The history of warfare and international security is the history of technological innovation, and the modern era is no exception. The advent of nuclear technology, for example, led to the doctrine of deterrence through mutually assured destruction. More recent advances such as unmanned vehicles and precision mortars and missiles have increasingly minimized both own-side causalities and collateral damage, and with them the risk of unwanted shifts in public opinion, while placing ever more of a premium on accurate intelligence.
However, the pace of technological change is accelerating all the time. Can our ability to respond – even to understand – keep up?
The fear of what both friends and foes are developing, and willing to use, could overwhelm existing processes of oversight, dialogue, diplomacy and control, disrupting our ability to make informed and politically sound decisions. Rapid advances in any of the following technologies could potentially destabilize fragile balances of power and permanently alter the international security landscape, entrenching disparities between countries or heralding chaos.
Here are eight technologies that are changing the international security landscape:
- Drones. Essentially, drones are flying robots. The US appears to be leading the way with over 11,000 such vehicles, but the technology is spreading widely as it becomes more affordable: even North Korea reportedly possesses advanced drone technology, while off-the-shelf quadcopter drones are already being used by narcotics gangs to spy on and eliminate rivals. Last year saw the first instance of a US civilian shooting down a drone when a neighbour flew it over his property.
- Autonomous weapons. When drone technology is combined with artificial intelligence, the result is so-called “autonomous weapons” which can select and engage targets based on pre-defined criteria and without human intervention. These have been called potentially the third revolution in warfare, after gunpowder and nuclear. We might still be a long way from Hollywood’s humanoid-looking robots, coldly deciding who lives and dies; but current technology is advanced enough for, say, an armed quadcopter using facial recognition software to identify targets from a database and open fire. The risks of automated weapons are clear: for example, facial recognition is still far from reliable; while human override mechanisms can theoretically be built in, they can malfunction; and automated weapons could be hacked by malicious parties.
- Wearable devices. Possible military uses here include sensing moods to avoid poor decision making; tracking bodily functions to optimize health and performance; “exo-skeletons” to enhance soldiers’ performance, with current technology already allowing a human to carry loads of around 90kg without difficulty; and spying. In a real-life story reminiscent of an Ian Fleming novel, a lady styling herself as SexyCyborg has posted online about how she 3D-printed shoes with a hidden drawer where she installed devices for gathering information, then used her seductive appearance to gain entrance to organizations, evading the traditional detection mechanisms such as being asked to leave mobile equipment at the door.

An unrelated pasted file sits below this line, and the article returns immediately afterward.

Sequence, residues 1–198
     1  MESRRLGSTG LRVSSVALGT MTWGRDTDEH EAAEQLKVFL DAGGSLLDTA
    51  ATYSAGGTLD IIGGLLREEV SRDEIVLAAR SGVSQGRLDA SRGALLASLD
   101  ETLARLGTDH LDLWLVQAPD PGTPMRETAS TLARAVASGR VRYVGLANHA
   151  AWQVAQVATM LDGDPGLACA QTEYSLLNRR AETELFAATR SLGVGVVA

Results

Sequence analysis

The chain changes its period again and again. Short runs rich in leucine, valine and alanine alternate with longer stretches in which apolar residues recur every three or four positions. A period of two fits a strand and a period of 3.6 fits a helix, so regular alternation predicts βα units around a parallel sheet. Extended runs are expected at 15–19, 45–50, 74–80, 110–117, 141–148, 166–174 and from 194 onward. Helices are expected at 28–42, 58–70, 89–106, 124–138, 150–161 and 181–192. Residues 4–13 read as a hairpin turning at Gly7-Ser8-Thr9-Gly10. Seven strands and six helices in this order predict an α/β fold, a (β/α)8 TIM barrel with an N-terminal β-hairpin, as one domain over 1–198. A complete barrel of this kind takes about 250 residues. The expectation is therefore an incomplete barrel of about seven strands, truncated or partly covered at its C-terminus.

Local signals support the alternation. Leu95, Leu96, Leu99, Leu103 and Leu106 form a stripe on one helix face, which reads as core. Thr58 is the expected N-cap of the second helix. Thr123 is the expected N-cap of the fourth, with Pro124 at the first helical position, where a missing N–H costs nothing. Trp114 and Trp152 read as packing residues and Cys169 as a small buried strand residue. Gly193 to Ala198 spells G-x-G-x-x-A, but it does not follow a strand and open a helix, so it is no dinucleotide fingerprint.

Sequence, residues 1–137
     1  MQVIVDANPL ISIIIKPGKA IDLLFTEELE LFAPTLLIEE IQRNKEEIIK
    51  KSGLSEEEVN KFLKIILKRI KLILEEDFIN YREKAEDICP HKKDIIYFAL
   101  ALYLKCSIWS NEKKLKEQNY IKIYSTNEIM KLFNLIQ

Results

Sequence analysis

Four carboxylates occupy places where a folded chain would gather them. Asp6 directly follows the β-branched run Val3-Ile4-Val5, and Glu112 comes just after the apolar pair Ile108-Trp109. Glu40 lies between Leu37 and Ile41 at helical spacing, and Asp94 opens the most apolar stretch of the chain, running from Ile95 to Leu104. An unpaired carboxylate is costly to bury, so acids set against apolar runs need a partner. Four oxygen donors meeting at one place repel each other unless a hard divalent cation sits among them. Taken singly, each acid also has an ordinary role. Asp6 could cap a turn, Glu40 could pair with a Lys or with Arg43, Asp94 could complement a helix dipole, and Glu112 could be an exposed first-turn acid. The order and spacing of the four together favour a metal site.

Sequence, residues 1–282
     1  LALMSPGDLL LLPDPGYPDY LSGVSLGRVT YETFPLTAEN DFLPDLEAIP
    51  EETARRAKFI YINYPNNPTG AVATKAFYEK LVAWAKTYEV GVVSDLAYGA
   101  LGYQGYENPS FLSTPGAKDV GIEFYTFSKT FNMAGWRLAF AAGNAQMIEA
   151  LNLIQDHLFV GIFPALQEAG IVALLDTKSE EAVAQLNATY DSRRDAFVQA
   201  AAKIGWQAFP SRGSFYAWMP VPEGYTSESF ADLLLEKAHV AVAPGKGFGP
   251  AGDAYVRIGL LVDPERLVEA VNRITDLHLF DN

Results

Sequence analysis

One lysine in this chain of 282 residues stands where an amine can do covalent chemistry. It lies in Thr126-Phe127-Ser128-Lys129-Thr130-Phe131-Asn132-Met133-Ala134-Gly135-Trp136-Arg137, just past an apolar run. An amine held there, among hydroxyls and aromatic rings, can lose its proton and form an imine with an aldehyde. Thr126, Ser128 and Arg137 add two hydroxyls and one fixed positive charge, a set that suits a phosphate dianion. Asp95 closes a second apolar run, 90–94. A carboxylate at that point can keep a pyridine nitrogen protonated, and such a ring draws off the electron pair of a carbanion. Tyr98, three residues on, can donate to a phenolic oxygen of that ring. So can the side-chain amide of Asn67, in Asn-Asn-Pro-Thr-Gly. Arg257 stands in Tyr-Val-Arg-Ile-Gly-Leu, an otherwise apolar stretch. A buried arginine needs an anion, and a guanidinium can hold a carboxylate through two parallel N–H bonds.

- Additive manufacturing. 3D printing has already been tested by both the US and Chinese armies in war games, and could revolutionize supply chains by enabling replacement parts to be manufactured in the field from digitally transmitted designs and locally available materials. Militaries are even aiming to be able to print food, and skin and prosthetics for those injured in service. Questions remain to be solved, however, around intellectual property, quality control and liability. As printers become more precise and able to use more materials, there is also a risk of proliferation of certain types of weapon systems as it becomes easier to copy critical technologies and bypass normal restrictions such as export controls. Additive manufacturing techniques could enable the development of new kinds of warhead, with greater control of particle size and direction on detonation.
- Renewable energy. The capacity to generate power locally could revolutionize supply chains as much as the capacity to print parts locally. Militaries are already at the forefront of developing solar technologies, including dye-sensitized light harvesting materials which can harness light energy outside the visible spectrum. Nanomaterials embedded in clothes could potentially also turn them into a significant method of energy generation.